We seldom see presidents or presidential candidates here in Modesto, and we don't see much of U.S. senators either, except when they're looking for votes or campaign donations. Even then, Fresno is the typical valley stop. So it's welcome and a little intriguing that Sen. Dianne Feinstein wants to visit.
She contacted the Modesto Chamber of Commerce last week and asked officials if they would be willing to host a luncheon presentation for her Aug. 29 at the DoubleTree Hotel. That's a quick turnaround for this kind of thing, but chamber President and Chief Executive Officer Cecil Russell put it together.
What wasn't made clear to Russell is exactly what our senior senator wants to talk about.
I reached one of Feinstein's press people, who wrote back by e-mail: "The senator speaks at lunches throughout the state and hasn't been in Modesto for a while, so no reason beyond that. This is one of her series of Washington Report talks where she provides updates on a wide range of issues ranging from the economy to housing to national security; water infrastructure will definitely be a topic about which she speaks."
Feinstein is running for re-election, but she's the heavy favorite. And this is not a fund-raising event for her campaign. The chamber is handling the money, and tickets are only $35 each. Invites went to chamber members, local government leaders from around the area and ag leaders. Feinstein is particularly knowledgeable and powerful on water issues, and I think even the Republicans will want to hear her and share what's on their minds as well.
I predict we haven't heard the last of "limp, lame and lazy," the disparaging phrase used by Sheriff Adam Christianson and other managers referring to deputies who were not available for full active duty due to an injury or family leave. For one thing, it's a memorable term. More important, it suggests that morale and management treatment of employees in the sheriff's office will be an issue in the 2014 race for sheriff.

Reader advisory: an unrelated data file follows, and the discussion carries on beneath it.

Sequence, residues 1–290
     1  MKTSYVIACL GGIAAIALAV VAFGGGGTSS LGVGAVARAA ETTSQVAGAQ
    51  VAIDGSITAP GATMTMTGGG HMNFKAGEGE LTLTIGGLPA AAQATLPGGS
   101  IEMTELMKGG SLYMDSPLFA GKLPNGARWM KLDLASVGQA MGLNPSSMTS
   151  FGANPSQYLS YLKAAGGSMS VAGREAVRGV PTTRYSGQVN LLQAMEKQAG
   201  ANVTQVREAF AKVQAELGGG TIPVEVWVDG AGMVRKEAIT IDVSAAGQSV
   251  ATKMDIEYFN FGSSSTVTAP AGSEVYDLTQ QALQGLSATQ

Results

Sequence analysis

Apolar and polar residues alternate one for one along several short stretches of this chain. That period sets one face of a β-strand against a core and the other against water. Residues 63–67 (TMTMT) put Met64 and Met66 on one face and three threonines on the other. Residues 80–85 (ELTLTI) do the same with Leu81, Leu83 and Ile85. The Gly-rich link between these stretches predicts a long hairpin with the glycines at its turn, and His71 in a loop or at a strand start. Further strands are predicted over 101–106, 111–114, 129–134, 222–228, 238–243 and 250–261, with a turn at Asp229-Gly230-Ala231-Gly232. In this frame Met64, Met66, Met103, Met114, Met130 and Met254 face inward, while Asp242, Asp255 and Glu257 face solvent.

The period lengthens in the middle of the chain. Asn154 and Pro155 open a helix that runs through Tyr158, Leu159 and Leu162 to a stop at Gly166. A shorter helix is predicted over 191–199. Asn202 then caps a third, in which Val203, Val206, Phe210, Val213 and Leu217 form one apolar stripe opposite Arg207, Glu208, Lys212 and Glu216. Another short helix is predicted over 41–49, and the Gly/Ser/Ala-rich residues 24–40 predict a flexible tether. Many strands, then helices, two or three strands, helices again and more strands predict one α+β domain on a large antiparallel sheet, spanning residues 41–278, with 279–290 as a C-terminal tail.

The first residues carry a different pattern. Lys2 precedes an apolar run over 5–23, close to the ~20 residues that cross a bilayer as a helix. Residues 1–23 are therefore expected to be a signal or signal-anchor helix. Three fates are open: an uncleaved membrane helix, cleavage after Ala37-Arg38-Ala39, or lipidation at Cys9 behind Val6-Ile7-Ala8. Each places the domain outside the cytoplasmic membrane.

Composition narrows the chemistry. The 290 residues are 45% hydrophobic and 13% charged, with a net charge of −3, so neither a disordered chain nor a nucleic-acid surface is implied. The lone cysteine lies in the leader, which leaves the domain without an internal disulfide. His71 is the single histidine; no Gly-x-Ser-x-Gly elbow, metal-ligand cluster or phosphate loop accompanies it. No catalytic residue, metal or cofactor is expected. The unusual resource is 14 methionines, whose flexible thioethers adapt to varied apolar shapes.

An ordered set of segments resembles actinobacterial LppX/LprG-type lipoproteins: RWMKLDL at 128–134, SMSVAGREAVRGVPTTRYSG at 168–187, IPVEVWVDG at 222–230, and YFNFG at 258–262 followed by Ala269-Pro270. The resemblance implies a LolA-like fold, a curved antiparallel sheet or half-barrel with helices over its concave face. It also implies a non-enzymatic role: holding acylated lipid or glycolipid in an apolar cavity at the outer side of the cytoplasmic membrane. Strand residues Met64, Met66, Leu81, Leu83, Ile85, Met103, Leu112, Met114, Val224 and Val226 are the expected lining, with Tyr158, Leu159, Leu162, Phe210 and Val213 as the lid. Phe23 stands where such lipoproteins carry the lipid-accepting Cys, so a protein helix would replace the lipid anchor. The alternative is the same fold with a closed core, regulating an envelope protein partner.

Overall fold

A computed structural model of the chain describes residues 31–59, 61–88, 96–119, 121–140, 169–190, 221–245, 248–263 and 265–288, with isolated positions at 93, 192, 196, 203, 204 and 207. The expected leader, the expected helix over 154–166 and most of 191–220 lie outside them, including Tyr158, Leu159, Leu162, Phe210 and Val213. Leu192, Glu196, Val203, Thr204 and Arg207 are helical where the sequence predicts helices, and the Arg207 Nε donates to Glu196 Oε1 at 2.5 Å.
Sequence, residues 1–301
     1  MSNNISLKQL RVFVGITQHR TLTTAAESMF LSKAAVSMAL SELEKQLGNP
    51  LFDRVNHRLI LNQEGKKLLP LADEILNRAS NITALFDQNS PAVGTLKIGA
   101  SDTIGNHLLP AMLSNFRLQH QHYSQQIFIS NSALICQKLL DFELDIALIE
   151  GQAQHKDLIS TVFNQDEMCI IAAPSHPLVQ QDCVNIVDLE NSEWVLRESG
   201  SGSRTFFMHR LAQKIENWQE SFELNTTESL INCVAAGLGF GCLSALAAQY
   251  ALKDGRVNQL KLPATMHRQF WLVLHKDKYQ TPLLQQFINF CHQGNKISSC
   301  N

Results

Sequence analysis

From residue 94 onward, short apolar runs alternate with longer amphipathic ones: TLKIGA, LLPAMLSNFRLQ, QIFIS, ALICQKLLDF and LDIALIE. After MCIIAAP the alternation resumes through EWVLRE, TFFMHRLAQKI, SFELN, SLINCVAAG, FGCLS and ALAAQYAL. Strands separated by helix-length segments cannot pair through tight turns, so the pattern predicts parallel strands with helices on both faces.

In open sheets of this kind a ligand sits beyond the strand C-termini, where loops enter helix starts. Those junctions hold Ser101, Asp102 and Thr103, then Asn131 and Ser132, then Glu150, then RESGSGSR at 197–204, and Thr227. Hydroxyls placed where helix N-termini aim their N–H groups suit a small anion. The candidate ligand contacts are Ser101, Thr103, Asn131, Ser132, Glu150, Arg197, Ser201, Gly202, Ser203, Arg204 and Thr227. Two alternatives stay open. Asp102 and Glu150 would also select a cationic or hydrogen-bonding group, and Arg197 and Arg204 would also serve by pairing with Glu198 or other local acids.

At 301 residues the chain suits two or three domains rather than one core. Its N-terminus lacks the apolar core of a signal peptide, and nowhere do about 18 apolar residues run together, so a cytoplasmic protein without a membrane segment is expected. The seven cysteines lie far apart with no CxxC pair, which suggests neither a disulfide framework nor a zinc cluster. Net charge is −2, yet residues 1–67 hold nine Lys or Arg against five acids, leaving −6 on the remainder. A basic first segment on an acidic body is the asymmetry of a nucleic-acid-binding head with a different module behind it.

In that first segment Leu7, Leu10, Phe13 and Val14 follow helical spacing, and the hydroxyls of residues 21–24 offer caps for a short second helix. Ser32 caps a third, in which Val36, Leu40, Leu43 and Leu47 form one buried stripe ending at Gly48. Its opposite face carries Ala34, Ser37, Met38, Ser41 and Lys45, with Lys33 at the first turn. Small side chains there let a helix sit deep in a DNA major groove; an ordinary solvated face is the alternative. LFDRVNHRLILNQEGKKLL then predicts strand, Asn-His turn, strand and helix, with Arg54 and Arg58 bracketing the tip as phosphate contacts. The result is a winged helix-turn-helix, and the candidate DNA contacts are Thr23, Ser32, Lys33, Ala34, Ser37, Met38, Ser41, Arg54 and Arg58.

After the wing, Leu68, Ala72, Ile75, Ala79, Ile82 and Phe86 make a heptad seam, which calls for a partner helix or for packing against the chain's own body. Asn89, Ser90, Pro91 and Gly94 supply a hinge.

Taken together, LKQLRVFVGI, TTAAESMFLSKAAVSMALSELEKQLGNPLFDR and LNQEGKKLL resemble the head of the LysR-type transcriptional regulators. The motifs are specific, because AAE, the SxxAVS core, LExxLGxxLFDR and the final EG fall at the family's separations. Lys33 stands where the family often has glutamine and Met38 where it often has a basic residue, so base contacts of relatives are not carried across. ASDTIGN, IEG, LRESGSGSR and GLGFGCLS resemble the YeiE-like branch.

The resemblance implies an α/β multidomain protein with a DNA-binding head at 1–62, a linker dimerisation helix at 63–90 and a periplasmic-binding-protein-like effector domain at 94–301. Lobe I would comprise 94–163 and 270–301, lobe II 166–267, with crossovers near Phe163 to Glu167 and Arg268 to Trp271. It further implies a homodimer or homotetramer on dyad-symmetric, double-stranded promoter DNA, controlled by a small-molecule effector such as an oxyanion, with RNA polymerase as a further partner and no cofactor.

Christianson has already started his re-election effort and he could have a challenger from inside his office. Sheriff's Lt. Tori Hughes, police chief in Patterson, has been telling people for some time that she wants to run for sheriff. I asked her about it last week, and she said she hopes to be sheriff someday, but doesn't know yet whether she will run in 2014 or later.
Christianson is 49; Hughes is 36 and a 13-year veteran of the Sheriff's Department. Although Hughes spent much of her youth in Arizona, she has strong family ties here and a link to local politics. She is the granddaughter of the late Bill Hughes, who served on the Modesto City Council from 1963-69.
By the way, Hughes was among the witnesses in the civil trial, and she testified she heard Christianson make reference to the "limp, lame and lazy" list a number of times.
Something to remember about congressional representatives: They don't have to live in the district they represent, only in the state. It's in the Constitution, Article 1, Section 2, which also also specifies that a representative must be at least 25 and a citizen of the United States for at least seven years.
But despite the constitutional leeway, members of Congress usually live in their district. And when they don't, it sometimes becomes a campaign issue at least to their opponents.
That's the case for the new 9th Congressional District. According to The Record in Stockton, challenger Ricky Gill is making a commotion of the fact that Jerry McNerney doesn't appear to live in San Joaquin County full-time, although McNerney indicated he would move there from Pleasanton, which is in the old 11th District, which McNerney currently represents. McNerney acquired a house in Stockton's Brookside neighborhood but isn't seen there much.
The irony here? As The Record noted, Gill "hasn't lived in the county for years. He's been away at college, then he was away at law school, and he has now moved back and is looking for work. A job as a congressman is his entry-level choice."
A postscript: People serving in the state Legislature and on City Council and other local government positions do have to live in the districts they represent. Congress is the exception.
Later this month, the national political spotlights shift to the southeast for the two big party conventions. Several local citizens are headed that way. Delegates are chosen by the new congressional lines, so those from Stanislaus and southern San Joaquin County are from the 10th Congressional District.
Going to the Republican National Convention, Aug. 27-30 in Tampa, Fla., will be Joan Clendenin and Bret de St. Jeor of Modesto, and Sonia Denham, wife of Rep. Jeff Denham, who also was a delegate to the GOP convention in 2008.
The delegates to the Democratic National Convention Sept. 3-6 in Charlotte, N.C., will be Jean Hendrix, Ken Viscovich and Manmeet Grewal of Modesto and Margaret Souza and Joe A. Souza of Turlock.
I'm sure they'll all have a great time and that our valley's dry heat will be a welcome relief when they return.
Sly is editor of the Opinions pages. Contact her at (209) 578-2317, firstname.lastname@example.org or on Twitter @judysly.